friendliness from my GOOD FRIEND steve. (like good bad ugly)
best to combine the two somehow....
5th possiblity: that until tim's post about Dark city, things were getting so boring around here, no good
arguments, that I decided to start an argument myself!
980406 Not Sent
Subject: Re(20): Movie Quotes Quiz
From: terrible person
To: film
Cc:
Steve Omlid writes:
Maybe I was trying to hold out an olive branch with some FRIENDLY teasing,
53
The Terrible Papers, Part II: Stoler ("terrible person")'s Posts on the Guardian
Online BBS, February to July 1998. Hard to follow sometimes, I know; remember, the stuff in
Roman is mine; in Italics, theirs.
sorry to sound schoolmarmish, but in this case, it's necessary, as in the emphatically wagging finger:
if you want to extend an olive branch to someone,
DON'T
STICK
IT
IN
HIS
EYE!!!!
980406 Not Sent
Subject:
Send
From:
terrible person
To:
Cc:
AWWOTS (which is "And while we're on the subject" for those of you not as cyber-hip as I):
when I noted that the typeface and tone made Heyer's post seem like one of Barrymore's, I meant this
OBJECTIVELY. Really!! I was not saying either was BAD, just that it was DISTNCTIVE. Many people
here, whether just out of habit or out of some desire to distinguish themselves from other users, have a
certain signature style or just a signature. Eva Luna posts "Musty TV"; no one else does. Greta Christina
tends to write authoritatively about sexuality issues, and used her trademark "adverbially....queen of
Norway" signoff until others started imitating it with their own titles. the fieb writes about obscure
experimental films. Steve Omlid talks about emily watson and how great his friends are. I write longwinded pun and quote filled ramblings that no one reads all the way through, much less understands. and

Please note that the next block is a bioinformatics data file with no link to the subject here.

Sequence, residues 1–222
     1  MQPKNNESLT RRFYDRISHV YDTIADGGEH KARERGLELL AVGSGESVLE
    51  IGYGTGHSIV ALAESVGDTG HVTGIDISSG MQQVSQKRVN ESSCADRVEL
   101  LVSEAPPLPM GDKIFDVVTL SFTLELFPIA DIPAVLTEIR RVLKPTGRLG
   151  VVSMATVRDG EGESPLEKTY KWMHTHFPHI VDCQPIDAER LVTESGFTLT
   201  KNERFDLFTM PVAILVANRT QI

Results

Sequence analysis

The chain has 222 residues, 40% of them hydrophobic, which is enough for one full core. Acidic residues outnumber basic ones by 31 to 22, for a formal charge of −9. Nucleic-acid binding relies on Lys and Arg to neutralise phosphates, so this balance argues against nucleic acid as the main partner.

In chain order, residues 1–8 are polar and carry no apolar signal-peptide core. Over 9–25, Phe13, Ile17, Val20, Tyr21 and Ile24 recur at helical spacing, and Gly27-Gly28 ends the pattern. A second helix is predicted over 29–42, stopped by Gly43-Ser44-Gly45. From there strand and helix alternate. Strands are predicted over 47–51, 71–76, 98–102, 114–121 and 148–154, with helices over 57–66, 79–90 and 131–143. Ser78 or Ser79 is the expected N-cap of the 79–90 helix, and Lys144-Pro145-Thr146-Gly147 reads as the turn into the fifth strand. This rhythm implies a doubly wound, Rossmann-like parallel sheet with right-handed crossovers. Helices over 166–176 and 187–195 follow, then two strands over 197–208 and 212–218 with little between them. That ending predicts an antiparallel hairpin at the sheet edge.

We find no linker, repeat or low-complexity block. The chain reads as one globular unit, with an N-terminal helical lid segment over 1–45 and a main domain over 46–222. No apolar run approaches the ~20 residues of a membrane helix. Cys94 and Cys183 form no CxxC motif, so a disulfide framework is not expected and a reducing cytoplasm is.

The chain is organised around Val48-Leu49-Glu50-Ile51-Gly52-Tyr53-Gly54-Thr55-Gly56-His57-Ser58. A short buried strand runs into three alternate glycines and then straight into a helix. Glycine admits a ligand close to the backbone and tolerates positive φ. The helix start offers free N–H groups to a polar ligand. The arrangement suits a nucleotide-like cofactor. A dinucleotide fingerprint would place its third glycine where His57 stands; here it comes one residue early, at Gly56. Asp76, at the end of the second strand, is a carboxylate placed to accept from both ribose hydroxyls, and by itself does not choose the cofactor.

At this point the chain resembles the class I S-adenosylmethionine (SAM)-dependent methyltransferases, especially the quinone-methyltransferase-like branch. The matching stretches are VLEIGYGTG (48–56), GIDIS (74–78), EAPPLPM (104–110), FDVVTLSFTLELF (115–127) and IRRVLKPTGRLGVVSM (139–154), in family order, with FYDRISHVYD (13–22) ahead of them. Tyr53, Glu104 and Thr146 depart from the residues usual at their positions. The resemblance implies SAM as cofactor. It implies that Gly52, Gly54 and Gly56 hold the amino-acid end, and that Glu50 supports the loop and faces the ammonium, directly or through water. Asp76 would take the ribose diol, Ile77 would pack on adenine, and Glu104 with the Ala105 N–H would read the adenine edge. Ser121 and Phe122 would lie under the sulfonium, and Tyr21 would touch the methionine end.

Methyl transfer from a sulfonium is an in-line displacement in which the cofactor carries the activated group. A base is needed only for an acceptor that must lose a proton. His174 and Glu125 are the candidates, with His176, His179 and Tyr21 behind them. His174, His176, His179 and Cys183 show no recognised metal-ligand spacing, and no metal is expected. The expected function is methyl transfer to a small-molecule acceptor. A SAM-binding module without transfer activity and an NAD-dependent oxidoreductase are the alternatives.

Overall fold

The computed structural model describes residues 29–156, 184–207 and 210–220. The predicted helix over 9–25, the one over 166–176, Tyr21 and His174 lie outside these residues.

(John) Barrymore writes in boldface, usually either about Hollywood gossip or to insult people. (he is not
the only one with a distinctive typeface; Kelsey Gadoo tends to be distinctive as well.)
I have no problem with using different typefaces. especially, as Barrymore says, to increase legibility. I am
too lazy to change the default each time.
And I am not sure I have too much trouble with the idea insulting people either. I don't think people should
necessariy refrain from doing it, if they are prepared to be insulted back, and prepared for the loss of
credibility it may entail. If heyer or barrymore or I for that matter want to insult people and take the
consequences, or if they (or we) think we can hold their (our) own, why not? this is a big enough river; a
sunk ship in one channel will not really impede traffic in the others....we watch hockey games to see if
fights break out -- more to the point, we watch Siskel and Ebert to see if fights will break out....
so the idea was simply that Heyer seemed to be borrowing Barrymore's distinctive style, without saying
whether that style was necessarily good or not...
it's funny to find myself agreeing now with Barrymore. a sort of déjà vu all over again! who knows what
HE will say! I remember hearing "Roger and Me"s Michael Moore described recently as being in danger of
becoming a bombastic fact-distorting "Rush Limbaugh of the left" -- will I become the "Barrymore of the
self-considered (and possible but not necessarily) smart"? only time will tell. but meanwhile, <sob>,
Barrymore, <sob> I love you, man.
980408
Subject:
Wenders on 'City of Angels'
From: terrible person
To: film
Pushing the outside of the envelope on fair use, I quote from the New York Times, sunday, 5 april 1998,
section 2, p 29 (national ed.):
54
The Terrible Papers, Part II: Stoler ("terrible person")'s Posts on the Guardian
Online BBS, February to July 1998. Hard to follow sometimes, I know; remember, the stuff in